U.S. Senators Joe Manchin (D-W.Va) and Pat Toomey (R-Pa.) unveiled their long talked about behind-the-scenes amendment to gun control legislation, which would extend the background checks now required at gun stores to sales of firearms at gun shows and online.
“If you go to a gun show, you’ll be treated the same as if you go to a gun store and are subjected to a background check,” Manchin told reporters on Capitol Hill. “Then if you go online you’ll be subjected the same as you are if you buy a gun online in another state.”
The two said they discussed the proposals with stakeholders in all segments of the debate, claiming the Toomey-Manchin Amendment will be acceptable to all sides in the deeply divided controversy.
“I have spoken with all of my friends in the gun state and gun culture of West Virginia — the people who appreciate and enjoy the rights they have — and I explained in detail what the bill does,” said Manchin. “I think I have the support of the most critical gun advocates in the country.”
The measure would not require a background check on personal firearm transfers and does not require private citizen record-keeping on personal sales.
Toomey said the legislation also included several measures which would strengthen Second Amendment rights. Under the amendment those who transport a firearm across state lines for hunting or other purposes would not be subject to criminal prosecution if the simple possession of that firearm, in an otherwise legal manner, violates the regulations of the state through which they are travelling. Both Senators think the amendment’s language also draws the country closer to national reciprocity on concealed carry permits in which all states would recognize a CCP issued by another state.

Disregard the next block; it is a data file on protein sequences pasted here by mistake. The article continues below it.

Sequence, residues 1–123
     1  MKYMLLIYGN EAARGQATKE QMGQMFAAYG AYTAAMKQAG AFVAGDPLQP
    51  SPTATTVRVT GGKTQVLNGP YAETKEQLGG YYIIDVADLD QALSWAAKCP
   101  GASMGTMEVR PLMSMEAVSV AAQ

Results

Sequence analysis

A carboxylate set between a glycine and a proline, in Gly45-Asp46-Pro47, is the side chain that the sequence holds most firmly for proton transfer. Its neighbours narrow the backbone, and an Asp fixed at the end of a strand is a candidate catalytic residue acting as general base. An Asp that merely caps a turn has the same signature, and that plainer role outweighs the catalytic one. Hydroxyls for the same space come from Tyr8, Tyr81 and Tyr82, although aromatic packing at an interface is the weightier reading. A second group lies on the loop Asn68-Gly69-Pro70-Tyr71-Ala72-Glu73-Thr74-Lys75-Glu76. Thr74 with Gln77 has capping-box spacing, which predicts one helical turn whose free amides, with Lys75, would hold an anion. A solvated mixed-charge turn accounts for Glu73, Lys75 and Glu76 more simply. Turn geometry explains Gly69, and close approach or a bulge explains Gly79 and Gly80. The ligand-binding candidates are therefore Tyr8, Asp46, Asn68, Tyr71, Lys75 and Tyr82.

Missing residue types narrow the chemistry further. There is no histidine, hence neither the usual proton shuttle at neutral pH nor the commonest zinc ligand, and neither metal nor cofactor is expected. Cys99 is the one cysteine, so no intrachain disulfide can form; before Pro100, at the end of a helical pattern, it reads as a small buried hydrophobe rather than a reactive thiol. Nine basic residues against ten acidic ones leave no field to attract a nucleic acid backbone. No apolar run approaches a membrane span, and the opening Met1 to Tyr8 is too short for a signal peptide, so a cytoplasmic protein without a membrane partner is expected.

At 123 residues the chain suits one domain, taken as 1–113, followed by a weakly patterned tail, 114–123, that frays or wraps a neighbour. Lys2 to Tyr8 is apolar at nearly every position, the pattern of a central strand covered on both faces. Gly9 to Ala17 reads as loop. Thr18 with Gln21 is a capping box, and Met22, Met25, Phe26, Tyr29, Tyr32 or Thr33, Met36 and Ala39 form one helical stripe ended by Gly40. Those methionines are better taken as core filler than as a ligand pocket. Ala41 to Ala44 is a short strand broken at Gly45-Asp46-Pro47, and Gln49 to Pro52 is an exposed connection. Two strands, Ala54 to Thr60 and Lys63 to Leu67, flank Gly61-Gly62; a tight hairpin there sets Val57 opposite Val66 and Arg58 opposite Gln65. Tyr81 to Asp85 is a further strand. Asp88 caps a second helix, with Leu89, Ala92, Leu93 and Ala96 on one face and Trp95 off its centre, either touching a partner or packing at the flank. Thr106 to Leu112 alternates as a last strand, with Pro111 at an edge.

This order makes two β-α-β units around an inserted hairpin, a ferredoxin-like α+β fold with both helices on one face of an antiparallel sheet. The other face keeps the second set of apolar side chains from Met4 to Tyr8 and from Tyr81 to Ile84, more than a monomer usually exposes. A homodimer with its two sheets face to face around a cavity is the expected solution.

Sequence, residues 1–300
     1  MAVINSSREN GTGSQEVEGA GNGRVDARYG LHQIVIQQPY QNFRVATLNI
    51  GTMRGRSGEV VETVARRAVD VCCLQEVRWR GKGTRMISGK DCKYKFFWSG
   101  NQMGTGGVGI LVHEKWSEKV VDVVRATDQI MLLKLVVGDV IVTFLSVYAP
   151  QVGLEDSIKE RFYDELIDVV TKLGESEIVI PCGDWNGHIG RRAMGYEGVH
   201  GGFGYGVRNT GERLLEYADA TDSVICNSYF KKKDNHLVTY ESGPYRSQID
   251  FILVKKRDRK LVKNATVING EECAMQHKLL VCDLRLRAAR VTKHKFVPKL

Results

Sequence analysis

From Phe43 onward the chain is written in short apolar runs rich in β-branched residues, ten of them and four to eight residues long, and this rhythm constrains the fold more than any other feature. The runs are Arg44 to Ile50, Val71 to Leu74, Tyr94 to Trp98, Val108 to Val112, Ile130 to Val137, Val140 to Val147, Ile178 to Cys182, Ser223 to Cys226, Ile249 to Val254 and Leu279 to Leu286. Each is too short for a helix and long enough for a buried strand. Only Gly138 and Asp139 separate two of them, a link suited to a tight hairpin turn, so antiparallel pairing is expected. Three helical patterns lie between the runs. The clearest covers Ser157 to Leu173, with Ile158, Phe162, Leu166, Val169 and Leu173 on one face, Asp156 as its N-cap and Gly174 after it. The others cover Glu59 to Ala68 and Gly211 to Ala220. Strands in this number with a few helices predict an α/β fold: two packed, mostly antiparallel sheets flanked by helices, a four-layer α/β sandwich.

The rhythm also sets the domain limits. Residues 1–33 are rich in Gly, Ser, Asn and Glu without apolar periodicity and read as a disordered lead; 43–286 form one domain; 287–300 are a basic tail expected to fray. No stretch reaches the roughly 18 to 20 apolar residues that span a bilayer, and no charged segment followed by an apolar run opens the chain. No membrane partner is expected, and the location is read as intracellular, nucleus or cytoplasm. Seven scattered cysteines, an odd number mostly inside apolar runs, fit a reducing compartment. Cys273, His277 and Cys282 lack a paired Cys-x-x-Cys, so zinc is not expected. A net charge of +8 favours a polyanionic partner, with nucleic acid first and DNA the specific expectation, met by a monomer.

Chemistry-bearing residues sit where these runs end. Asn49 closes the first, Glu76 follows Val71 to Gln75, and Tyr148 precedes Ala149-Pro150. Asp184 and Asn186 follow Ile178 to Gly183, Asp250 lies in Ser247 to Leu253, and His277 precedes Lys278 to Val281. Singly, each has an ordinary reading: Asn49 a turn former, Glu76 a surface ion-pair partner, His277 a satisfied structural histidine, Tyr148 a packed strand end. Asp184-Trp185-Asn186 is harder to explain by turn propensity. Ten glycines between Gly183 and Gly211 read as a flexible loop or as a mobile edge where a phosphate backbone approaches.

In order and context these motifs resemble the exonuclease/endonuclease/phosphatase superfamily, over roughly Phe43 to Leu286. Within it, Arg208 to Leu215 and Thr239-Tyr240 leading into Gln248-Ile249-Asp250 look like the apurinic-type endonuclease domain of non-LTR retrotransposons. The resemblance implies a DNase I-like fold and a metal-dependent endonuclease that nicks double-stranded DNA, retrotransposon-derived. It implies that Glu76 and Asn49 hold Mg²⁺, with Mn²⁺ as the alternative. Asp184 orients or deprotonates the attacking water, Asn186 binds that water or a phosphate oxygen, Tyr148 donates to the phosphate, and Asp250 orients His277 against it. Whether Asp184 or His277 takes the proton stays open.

Manchin said the legislation is common sense and represents action warranted after the tragedy at Newtown.
“Newtown changed everything” he said. “Everybody here wants to make sure we take steps to insure that never happens again. The goal is to make sure people who shouldn’t have them are not going to have access to the guns through a gun show, Internet sales, or a gun store as we have now.”
Additionally, Manchin said the legislation would open greater dialogue on mental health issues and violent entertainment and consider what impact it has on gun violence in America.
Soon after the Manchin-Toomey news conference, the National Rifle Association issued a statement claiming the amendment is not a solution:
Expanding background checks at gun shows will not prevent the next shooting, will not solve violent crime and will not keep our kids safe in schools. While the overwhelming rejection of President Obama and Mayor Bloomberg’s “universal” background check agenda is a positive development, we have a broken mental health system that is not going to be fixed with more background checks at gun shows. The sad truth is that no background check would have prevented the tragedies in Newtown, Aurora or Tucson. We need a serious and meaningful solution that addresses crime in cities like Chicago, addresses mental health deficiencies, while at the same time protecting the rights of those of us who are not a danger to anyone. President Obama should be as committed to dealing with the gang problem that is tormenting honest people in his hometown as he is to blaming law-abiding gun owners for the acts of psychopathic murderers.
Manchin said he has been assured by Senate Majority Leader Harry Reid (D-Nev.) the amendment will be given top priority in the floor debate.